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Below is the Brent–Salamin algorithm. Wikipedia mentions that when a and b are "close enough" then (a + b)² / 4t will be an approximation of π. I'm not sure what "close enough" means, but from my tests, one iteration got 2 digits, two got 7, and three had 15, of course this is with doubles, so it might have an error based on its representation and the true calculation could be more accurate.

let pi_2 iters =
    let rec loop_ a b t p i =
        if i = 0 then a,b,t,p
            let a_n = (a +. b) /. 2.0 
            and b_n = sqrt (a*.b)
            and p_n = 2.0 *. p in
            let t_n = t -. (p *. (a -. a_n) *. (a -. a_n)) in
            loop_ a_n b_n t_n p_n (i - 1)
    let a,b,t,p = loop_ (1.0) (1.0 /. (sqrt 2.0)) (1.0/.4.0) (1.0) iters in
    (a +. b) *. (a +. b) /. (4.0 *. t)

Lastly, how about some pi golf (800 digits)? 160 characters!

int a=10000,b,c=2800,d,e,f[2801],g;main(){for(;b-c;)f[b++]=a/5;for(;d=0,g=c*2;c-=14,printf("%.4d",e+d/a),e=d%a)for(b=c;d+=f[b]*a,f[b]=d%--g,d/=g--,--b;d*=b);}


I really like this program, because it approximates π by looking at its own area.

IOCCC 1988 : westley.c

#define _ -F<00||--F-OO--;
int F=00,OO=00;main(){F_OO();printf("%1.3f\n",4.*-F/OO/OO);}F_OO()

Here's a general description of a technique for calculating pi that I learnt in high school.

I only share this because I think it is simple enough that anyone can remember it, indefinitely, plus it teaches you the concept of "Monte-Carlo" methods -- which are statistical methods of arriving at answers that don't immediately appear to be deducible through random processes.

Draw a square, and inscribe a quadrant (one quarter of a semi-circle) inside that square (a quadrant with radius equal to the side of the square, so it fills as much of the square as possible)

Now throw a dart at the square, and record where it lands -- that is, choose a random point anywhere inside the square. Of course, it landed inside the square, but is it inside the semi-circle? Record this fact.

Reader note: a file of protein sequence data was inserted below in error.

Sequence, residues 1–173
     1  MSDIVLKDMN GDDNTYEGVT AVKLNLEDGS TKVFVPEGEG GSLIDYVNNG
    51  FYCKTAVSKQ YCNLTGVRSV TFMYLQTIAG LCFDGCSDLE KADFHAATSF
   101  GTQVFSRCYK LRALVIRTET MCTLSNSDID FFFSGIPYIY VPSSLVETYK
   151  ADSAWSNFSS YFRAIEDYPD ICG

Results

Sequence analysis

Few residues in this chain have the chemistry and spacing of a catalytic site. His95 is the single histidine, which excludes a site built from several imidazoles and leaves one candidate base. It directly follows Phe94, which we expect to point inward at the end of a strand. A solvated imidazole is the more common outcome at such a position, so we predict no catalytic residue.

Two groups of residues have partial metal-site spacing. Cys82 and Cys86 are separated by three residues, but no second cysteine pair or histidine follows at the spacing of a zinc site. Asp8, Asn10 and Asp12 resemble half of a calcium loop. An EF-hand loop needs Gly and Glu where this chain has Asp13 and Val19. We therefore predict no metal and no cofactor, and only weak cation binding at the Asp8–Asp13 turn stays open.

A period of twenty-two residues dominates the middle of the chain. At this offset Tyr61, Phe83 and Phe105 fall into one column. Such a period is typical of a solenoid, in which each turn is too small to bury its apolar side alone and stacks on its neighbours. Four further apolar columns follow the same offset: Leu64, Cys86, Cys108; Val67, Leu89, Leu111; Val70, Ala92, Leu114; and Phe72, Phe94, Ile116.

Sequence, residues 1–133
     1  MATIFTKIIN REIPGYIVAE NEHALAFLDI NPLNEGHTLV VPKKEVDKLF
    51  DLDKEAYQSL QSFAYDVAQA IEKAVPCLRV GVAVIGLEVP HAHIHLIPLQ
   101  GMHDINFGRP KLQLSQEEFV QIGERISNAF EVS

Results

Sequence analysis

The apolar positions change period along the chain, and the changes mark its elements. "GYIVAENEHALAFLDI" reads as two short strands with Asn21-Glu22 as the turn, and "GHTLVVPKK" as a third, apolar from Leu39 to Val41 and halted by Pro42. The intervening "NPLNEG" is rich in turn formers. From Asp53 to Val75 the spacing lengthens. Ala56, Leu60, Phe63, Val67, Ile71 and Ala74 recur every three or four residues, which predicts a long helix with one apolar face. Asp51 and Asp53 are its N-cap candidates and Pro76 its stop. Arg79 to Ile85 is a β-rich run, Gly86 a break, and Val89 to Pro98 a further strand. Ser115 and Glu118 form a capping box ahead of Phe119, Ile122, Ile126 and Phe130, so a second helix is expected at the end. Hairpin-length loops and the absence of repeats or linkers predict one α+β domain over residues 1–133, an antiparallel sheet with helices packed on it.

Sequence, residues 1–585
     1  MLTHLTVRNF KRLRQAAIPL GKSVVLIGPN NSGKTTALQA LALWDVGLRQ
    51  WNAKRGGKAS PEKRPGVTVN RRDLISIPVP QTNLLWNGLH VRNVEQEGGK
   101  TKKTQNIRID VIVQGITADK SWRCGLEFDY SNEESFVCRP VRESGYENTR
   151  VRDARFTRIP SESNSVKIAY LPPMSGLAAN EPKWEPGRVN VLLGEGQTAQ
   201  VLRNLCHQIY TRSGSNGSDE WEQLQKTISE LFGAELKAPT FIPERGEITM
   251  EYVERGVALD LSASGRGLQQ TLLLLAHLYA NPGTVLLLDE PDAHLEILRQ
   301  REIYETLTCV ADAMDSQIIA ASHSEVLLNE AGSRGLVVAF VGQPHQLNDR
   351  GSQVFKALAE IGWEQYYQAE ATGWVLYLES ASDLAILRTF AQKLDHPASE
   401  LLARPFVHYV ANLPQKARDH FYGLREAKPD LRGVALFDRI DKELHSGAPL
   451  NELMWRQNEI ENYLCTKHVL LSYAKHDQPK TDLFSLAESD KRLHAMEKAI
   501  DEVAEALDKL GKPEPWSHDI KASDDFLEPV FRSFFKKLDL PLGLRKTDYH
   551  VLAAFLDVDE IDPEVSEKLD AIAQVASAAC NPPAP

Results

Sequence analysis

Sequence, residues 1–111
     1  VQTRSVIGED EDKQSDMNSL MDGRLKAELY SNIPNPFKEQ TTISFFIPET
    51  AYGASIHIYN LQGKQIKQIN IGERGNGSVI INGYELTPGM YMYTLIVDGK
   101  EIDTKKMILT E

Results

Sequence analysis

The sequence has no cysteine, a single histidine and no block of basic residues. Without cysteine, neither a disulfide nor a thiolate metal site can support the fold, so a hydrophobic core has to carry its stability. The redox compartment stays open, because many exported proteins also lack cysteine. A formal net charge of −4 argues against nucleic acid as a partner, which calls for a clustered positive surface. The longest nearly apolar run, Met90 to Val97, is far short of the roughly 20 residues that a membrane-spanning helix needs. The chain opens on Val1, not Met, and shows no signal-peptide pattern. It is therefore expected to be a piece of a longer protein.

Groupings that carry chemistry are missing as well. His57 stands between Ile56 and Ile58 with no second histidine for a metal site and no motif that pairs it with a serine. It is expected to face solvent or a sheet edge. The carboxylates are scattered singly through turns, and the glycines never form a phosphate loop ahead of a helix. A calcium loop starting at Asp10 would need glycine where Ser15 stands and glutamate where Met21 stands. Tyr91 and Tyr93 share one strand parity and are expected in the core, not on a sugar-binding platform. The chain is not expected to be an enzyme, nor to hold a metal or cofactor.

Repeat this process many times -- and you will find there is a ratio of the number of points inside the semi-circle versus the total number thrown, call this ratio x.

Since the area of the square is r times r, you can deduce that the area of the semi circle is x times r times r (that is, x times r squared). Hence x times 4 will give you pi.

This is not a quick method to use. But it's a nice example of a Monte Carlo method. And if you look around, you may find that many problems otherwise outside your computational skills can be solved by such methods.

In the interests of completeness, a C++ template version, which, for an optimised build, will compute an approximation of PI at compile time, and will inline to a single value.

#include <iostream>

template<int I>
struct sign
    enum {value = (I % 2) == 0 ? 1 : -1};

template<int I, int J>
struct pi_calc
    inline static double value ()
        return (pi_calc<I-1, J>::value () + pi_calc<I-1, J+1>::value ()) / 2.0;

template<int J>
struct pi_calc<0, J>
    inline static double value ()
        return (sign<J>::value * 4.0) / (2.0 * J + 1.0) + pi_calc<0, J-1>::value ();

struct pi_calc<0, 0>
    inline static double value ()
        return 4.0;

template<int I>
struct pi
    inline static double value ()
        return pi_calc<I, I>::value ();

int main ()
    std::cout.precision (12);

    const double pi_value = pi<10>::value ();

    std::cout << "pi ~ " << pi_value << std::endl;

    return 0;

Note for I > 10, optimised builds can be slow, likewise for non-optimised runs. For 12 iterations I believe there are around 80k calls to value() (in the absence of memoisation).

There's actually a whole book dedicated (amongst other things) to fast methods for the computation of \pi: 'Pi and the AGM', by Jonathan and Peter Borwein (available on Amazon).

I studied the AGM and related algorithms quite a bit: it's quite interesting (though sometimes non-trivial).